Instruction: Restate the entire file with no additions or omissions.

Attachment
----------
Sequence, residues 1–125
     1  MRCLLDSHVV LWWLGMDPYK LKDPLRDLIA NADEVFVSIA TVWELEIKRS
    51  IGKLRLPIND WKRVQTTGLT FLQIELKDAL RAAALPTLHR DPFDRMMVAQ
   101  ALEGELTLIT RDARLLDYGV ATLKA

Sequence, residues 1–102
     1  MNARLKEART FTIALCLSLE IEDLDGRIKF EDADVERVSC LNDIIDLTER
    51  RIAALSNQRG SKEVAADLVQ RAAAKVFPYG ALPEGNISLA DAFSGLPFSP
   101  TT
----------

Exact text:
Sequence, residues 1–125
     1  MRCLLDSHVV LWWLGMDPYK LKDPLRDLIA NADEVFVSIA TVWELEIKRS
    51  IGKLRLPIND WKRVQTTGLT FLQIELKDAL RAAALPTLHR DPFDRMMVAQ
   101  ALEGELTLIT RDARLLDYGV ATLKA

Sequence, residues 1–102
     1  MNARLKEART FTIALCLSLE IEDLDGRIKF EDADVERVSC LNDIIDLTER
    51  RIAALSNQRG SKEVAADLVQ RAAAKVFPYG ALPEGNISLA DAFSGLPFSP
   101  TT